About Me

Born in Giurgiu and having gone to school in Bucharest, although I have a technical education, I grew up in an environment permanently influenced by the beauty of Eugenia Jelescu's painting classes and the atmosphere of the painting circle in the attic of the high school in the corner of Cișmigiului. The superb creations of pre-war artists seen in the homes of friends and myself, the works in museums, the architecture of the buildings I passed by, the doors and windows in Cotroceni executed with perfect attention to detail, left their mark on me one after the other, without me realising it at the time.

After a long period of industrial activity, with all the routine it implies, because I constantly felt the desire to be creative, to live in a more colourful environment than the grey and beige of everyday life, I felt the need to detach myself from everything that means mass-produced products and approach the area where aesthetics is the main result of my work. This change occurred when I wanted my first stained glass windows for myself, when I realized that through stained glass windows I could realize both my desire to participate in the beautification of everyday life, of myself and of others, and at the same time use the technical experience I had accumulated over time.

After studying the various methods of making decorative glass for doors and windows, I have come to the conclusion that the TIFFANY method is the one that suits me best. This is because mass-coloured glass, often obtained by semi-industrial processes, gives you the feeling, when working with it, that it is alive, changing its brilliance every time the light hits it from a different angle. It is light, that factor that influences our quality of life so much, that causes an eternal change in the chromaticity of the final work so that a stained glass window, although the same for a lifetime, is different every moment.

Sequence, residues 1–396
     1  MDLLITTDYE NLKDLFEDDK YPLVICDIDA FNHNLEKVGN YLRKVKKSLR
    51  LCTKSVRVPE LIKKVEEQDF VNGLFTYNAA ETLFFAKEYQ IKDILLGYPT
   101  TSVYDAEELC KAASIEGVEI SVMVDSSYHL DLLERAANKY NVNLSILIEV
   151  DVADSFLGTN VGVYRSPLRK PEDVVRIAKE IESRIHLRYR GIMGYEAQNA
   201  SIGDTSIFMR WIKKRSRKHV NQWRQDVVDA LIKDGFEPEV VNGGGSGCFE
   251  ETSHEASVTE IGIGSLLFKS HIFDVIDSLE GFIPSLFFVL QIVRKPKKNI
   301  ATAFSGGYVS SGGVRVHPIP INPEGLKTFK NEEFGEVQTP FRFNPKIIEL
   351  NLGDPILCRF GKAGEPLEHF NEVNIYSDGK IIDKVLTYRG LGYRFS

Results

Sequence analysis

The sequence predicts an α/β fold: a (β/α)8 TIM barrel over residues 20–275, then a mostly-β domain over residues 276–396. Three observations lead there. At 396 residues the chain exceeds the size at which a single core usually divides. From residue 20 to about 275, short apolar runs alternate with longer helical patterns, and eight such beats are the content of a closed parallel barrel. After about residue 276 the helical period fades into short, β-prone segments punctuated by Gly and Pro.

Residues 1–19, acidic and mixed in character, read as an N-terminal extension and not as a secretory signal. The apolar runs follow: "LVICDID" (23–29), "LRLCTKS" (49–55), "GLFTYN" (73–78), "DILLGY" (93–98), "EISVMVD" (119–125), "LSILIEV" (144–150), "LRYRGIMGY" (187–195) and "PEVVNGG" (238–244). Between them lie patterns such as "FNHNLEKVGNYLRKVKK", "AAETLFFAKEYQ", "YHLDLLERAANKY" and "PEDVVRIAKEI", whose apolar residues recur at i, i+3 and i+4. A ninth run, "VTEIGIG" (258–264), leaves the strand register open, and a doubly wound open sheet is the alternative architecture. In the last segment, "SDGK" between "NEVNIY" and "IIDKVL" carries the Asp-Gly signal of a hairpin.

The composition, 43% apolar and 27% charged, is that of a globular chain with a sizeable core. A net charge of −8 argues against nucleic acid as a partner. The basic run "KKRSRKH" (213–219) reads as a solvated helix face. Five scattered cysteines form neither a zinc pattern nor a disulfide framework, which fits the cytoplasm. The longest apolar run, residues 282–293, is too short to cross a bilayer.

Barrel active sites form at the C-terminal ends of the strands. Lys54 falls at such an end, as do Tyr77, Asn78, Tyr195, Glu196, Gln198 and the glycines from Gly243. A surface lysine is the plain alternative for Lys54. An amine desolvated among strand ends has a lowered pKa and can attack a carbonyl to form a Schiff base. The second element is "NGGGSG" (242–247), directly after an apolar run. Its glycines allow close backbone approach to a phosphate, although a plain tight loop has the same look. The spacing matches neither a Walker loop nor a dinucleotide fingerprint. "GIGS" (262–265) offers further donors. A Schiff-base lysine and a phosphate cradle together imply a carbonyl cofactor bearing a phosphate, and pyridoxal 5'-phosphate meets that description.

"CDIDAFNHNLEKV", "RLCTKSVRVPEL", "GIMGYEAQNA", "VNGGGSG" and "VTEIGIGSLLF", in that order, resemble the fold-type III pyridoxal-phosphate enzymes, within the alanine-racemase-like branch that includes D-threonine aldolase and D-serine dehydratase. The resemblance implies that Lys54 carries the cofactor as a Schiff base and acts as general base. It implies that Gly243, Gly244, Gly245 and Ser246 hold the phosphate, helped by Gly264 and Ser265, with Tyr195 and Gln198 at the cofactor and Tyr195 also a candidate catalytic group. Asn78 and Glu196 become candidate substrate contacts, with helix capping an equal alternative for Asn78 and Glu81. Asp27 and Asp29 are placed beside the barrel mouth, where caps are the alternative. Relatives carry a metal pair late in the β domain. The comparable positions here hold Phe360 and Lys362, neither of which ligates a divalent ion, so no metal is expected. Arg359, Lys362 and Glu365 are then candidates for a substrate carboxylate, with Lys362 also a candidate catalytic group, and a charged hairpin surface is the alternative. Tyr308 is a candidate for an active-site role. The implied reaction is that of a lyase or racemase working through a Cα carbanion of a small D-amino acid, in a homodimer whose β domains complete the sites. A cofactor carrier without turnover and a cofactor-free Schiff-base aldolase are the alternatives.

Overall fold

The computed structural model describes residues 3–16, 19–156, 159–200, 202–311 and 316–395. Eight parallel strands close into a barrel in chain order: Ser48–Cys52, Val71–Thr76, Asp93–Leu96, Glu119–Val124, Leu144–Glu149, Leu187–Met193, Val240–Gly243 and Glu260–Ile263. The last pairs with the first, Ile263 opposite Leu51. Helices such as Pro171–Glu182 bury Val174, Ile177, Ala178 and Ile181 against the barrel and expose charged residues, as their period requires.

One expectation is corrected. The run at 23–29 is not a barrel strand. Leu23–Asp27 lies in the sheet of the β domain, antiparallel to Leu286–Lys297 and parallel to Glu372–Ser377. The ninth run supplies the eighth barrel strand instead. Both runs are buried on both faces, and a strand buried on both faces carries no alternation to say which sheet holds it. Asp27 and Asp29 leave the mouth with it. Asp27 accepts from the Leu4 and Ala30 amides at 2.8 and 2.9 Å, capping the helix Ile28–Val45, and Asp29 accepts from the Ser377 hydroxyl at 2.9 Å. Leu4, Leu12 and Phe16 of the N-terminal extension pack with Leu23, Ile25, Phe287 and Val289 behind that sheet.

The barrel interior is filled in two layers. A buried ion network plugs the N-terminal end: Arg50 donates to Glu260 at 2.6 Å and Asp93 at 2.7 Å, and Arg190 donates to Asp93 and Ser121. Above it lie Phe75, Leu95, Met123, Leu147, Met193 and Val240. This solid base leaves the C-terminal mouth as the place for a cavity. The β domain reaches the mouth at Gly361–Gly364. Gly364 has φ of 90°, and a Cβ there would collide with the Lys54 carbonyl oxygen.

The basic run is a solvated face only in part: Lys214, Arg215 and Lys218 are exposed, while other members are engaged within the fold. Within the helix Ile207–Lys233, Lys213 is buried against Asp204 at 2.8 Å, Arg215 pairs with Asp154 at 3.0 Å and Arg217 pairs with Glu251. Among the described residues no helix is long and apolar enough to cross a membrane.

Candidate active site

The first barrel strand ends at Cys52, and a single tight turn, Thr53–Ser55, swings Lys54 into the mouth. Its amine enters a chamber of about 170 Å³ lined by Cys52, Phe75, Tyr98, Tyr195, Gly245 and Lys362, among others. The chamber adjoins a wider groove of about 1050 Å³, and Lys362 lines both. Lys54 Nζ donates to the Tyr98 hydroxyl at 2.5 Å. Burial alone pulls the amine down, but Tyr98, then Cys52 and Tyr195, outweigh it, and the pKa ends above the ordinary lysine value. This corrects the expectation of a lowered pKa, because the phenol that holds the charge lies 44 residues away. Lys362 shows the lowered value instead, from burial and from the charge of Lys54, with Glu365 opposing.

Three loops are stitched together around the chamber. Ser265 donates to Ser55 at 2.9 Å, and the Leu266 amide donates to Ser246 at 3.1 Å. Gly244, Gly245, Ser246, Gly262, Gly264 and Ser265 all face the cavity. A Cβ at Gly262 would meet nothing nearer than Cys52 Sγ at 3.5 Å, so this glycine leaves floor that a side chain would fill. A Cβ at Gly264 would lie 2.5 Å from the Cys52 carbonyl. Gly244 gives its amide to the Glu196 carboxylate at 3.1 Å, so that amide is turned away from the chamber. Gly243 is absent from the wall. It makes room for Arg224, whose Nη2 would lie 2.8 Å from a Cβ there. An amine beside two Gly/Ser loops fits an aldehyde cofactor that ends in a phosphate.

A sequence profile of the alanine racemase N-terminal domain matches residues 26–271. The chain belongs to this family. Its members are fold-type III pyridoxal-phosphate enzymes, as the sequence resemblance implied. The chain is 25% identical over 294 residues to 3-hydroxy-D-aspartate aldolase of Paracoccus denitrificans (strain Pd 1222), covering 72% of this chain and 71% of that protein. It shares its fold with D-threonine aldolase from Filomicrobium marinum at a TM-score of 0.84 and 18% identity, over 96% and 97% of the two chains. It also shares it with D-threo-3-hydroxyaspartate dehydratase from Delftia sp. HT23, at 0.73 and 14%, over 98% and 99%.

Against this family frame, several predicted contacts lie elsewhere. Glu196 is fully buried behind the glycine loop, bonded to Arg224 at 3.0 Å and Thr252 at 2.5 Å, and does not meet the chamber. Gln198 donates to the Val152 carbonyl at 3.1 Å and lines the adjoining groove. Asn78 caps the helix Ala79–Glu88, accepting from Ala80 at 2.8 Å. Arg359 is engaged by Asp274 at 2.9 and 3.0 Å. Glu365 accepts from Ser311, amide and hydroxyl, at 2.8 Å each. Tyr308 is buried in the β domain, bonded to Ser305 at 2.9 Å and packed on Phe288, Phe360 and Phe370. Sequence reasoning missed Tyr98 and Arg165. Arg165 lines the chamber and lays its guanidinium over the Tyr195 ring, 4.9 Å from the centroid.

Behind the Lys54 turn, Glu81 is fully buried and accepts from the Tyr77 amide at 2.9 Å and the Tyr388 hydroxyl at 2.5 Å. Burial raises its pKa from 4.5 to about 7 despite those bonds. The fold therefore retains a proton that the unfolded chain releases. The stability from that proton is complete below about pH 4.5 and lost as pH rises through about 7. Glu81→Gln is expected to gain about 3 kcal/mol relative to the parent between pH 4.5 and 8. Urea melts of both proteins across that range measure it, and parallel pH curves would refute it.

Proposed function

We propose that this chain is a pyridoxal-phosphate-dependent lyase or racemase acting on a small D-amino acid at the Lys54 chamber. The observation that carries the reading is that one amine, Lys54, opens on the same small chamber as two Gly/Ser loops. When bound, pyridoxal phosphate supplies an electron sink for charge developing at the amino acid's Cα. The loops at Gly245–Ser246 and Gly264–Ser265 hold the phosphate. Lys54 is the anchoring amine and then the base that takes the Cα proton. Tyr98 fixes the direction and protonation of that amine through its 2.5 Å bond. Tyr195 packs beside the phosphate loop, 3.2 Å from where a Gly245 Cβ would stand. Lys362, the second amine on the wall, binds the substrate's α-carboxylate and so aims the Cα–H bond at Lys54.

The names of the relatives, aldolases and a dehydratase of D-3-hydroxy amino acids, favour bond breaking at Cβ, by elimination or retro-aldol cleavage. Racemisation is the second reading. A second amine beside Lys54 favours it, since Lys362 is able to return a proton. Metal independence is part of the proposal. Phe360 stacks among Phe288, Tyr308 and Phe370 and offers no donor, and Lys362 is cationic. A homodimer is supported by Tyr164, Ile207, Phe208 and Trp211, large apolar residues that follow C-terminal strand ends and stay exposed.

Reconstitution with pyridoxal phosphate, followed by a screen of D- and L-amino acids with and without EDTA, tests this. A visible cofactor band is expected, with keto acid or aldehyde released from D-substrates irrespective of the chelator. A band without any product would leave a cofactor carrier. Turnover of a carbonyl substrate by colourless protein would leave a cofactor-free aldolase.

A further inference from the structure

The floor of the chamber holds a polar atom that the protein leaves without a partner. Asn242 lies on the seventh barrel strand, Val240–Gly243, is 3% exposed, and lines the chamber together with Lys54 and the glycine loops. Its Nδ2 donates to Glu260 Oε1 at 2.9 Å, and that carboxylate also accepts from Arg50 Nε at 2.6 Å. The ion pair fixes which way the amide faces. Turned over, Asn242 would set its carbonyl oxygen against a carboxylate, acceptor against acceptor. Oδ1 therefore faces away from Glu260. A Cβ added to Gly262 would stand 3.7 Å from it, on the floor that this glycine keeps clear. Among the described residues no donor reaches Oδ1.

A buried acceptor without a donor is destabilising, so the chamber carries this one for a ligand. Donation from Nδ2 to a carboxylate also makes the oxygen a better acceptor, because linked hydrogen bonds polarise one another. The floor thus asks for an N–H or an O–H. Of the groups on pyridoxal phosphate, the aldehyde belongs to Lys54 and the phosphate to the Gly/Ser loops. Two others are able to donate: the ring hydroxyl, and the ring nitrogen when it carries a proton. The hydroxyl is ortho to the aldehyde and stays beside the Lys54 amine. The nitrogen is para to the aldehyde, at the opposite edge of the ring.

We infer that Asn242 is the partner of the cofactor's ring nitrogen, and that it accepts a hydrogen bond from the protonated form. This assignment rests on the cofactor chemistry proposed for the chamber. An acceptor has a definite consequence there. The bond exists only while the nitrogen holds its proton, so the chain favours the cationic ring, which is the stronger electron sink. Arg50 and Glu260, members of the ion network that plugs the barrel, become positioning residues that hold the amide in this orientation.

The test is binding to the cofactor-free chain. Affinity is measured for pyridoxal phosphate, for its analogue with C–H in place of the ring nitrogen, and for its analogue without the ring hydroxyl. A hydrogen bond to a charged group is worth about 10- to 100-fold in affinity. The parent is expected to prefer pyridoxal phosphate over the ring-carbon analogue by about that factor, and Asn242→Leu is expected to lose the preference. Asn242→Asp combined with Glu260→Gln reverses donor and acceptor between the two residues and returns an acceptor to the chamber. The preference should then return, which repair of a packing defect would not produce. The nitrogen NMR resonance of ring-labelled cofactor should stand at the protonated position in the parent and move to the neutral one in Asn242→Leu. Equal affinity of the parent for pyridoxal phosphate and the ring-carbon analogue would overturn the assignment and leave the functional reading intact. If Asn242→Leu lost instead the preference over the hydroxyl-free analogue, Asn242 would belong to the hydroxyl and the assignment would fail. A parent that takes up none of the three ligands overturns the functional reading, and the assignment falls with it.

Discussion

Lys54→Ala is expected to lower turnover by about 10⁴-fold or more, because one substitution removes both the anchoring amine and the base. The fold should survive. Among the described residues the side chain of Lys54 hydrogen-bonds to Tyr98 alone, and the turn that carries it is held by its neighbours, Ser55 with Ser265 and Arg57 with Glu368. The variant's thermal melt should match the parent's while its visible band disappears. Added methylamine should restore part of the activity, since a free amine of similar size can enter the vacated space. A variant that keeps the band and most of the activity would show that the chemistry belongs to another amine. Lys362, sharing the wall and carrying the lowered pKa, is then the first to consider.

When, constrained by imposed themes and, in many cases, limited by price, I looked for the possibility to express myself freely, I discovered that, by combining pieces of glass with pieces of mirror, I could have results that reflected my desires, I became definitively addicted to this craft. My mirrors, although directly influenced by my periodically changing moods, all express the nostalgia of the times when the Via Vittoria was animated by ladies in elegant dresses and lace umbrellas, accompanied by gentlemen with top hats and lavaliere.

This is how I try to restore the mirror to its rightful value: the most beautiful piece of furniture in a house. It is the only one, the only one able to capture and render light, colour, to create the illusion of space.

Glass Nouveau mirrors, by developing and adapting the mode of composition to the contemporary, aims to reawaken the taste for beauty, to bring back the subject of survival and perpetuation of crafts. Because the beauty of the small flaws inherent in handwork, incorporated into the whole of an object that is both useful and pleasing at the same time, can never be matched by the cold perfection of an industrially produced object. They are at once pieces of furniture, and at the same time, with your will, objects of art.